Paul L. Caron

Thursday, April 25, 2024

America's Failure To Rescue Parents: A Narrative Of Inequitable Tax "Reform"

Shannon Weeks McCormack (University of Washington), America's Failure to Rescue Parents: A Narrative of Inequitable Tax "Reform", 76 U.C. L.J. ___ (2025):

Uc law journalOther developed nations provide a slew of direct benefits to parents, such as paid parental leave and affordable childcare. America instead takes a circuitous route, heavily relying on the Internal Revenue Code (the “Code”) to provide tax breaks to certain parents. In addition to being indirect and comparatively stingy, these “parental tax benefits” are not awarded equitably. Instead, they favor non poor one breadwinner families, ignore the plight of non poor working parents incurring substantial childcare and other work-related costs, exhibit an outright hostility towards poor parents and raise a host of other distributional concerns. This preferentialism is sticky––when Congress alters parental tax benefits, it rarely deviates from these patterns.

That is, until the COVID pandemic. Signed into law on March 11, 2021, the American Rescue Plan Act (the ARPA) provided much needed relief to parents attempting to maintain jobs and care for children during this global health crisis. As is America’s tendency, the ARPA leaned extensively on the Code to do so. But it abandoned its consistent preferentialism for non poor one breadwinner parents, expanding the various tax benefits available to non poor working parents and poor parents in historically significant ways.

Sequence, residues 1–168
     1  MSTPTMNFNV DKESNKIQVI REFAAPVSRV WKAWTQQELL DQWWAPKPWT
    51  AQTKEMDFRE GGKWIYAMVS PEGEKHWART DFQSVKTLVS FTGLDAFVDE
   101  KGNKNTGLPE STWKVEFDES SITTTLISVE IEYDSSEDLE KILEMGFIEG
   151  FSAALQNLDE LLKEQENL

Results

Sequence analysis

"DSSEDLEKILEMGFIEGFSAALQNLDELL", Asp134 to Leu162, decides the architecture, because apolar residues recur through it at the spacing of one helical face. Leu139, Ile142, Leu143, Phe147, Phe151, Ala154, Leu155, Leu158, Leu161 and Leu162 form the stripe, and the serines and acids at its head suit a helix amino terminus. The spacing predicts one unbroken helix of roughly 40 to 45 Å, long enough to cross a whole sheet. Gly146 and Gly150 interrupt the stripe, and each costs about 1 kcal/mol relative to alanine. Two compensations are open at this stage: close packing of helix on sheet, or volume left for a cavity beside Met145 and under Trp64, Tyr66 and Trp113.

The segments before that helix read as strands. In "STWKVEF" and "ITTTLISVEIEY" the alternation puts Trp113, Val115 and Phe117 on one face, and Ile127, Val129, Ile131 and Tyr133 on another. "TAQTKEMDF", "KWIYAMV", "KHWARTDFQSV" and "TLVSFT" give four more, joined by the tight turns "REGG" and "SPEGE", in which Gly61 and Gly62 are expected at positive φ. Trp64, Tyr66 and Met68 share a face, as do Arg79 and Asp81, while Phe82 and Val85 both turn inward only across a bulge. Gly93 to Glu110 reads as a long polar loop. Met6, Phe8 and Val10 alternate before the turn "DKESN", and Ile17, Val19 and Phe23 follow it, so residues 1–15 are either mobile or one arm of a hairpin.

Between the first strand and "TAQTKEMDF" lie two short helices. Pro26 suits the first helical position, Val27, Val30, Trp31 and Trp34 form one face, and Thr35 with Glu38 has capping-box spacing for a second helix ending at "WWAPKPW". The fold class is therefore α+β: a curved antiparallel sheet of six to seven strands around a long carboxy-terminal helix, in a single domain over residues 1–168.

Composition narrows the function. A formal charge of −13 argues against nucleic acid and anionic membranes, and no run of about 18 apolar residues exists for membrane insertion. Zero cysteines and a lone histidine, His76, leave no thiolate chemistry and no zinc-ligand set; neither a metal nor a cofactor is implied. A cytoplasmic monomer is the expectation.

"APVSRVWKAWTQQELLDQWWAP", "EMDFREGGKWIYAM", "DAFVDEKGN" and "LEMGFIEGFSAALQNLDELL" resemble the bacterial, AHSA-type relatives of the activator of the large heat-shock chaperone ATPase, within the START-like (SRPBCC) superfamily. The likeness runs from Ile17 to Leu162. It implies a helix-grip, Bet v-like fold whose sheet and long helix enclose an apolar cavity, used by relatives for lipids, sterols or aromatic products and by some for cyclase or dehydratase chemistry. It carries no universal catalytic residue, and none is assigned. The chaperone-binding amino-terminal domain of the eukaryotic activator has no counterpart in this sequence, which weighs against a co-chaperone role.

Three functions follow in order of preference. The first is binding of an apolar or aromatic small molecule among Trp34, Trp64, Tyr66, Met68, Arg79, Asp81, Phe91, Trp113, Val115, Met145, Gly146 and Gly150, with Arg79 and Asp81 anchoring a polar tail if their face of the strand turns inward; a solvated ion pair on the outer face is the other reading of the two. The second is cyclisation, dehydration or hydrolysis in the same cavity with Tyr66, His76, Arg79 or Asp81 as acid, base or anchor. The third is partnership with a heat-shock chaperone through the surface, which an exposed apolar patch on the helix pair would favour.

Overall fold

This was short-lived. These benefits have now expired, leaving parents back where they started. And while it initially appeared that the ill-fated “Build Back Better Act” would resurrect many of the ARPA’s expanded parental tax benefits, Congress ultimately let them all lapse. Because the ARPA was born in an emergency (and expired well before it ended), it will be easy to dismiss it as crisis legislation. I resist this narrative and create a counter one. By situating the ARPA within a broader historical context, an accurate narrative is developed––one where the ARPA’s expansion of parental tax benefits was neither hasty nor creative but instead enacted long overdue adjustments that began to correct the distributionally problematic way in which America has historically favored some families over others.

Preserving this historic narrative is imperative. It underscores the alarming failure of Congress to extend any of the ARPA’s parental tax benefits. It provides context for temporary expansions passed by the House, which, despite making grand headlines, constitute a remarkably modest step towards treating poor parents similarly to non poor parents. And of critical import, the narrative of inequitable tax reform developed in this project, supported by history rather than politics and bias, should ground imminent conversations that will shape the future of how parents in America are taxed. The Tax Cuts and Jobs Act, which amplified Congress’ inequitable treatment of families and favoritism towards non poor one breadwinner families, expires in 2025, providing a date certain on which Congress must revisit its method of taxing parents. During these imminent and other future conversations, a mastery of the historical context preserved in this Article should arm those who advocate for a more inclusive method of supporting parents attempting to raise children in the United States.

Scholarship, Tax, Tax Daily, Tax Scholarship | Permalink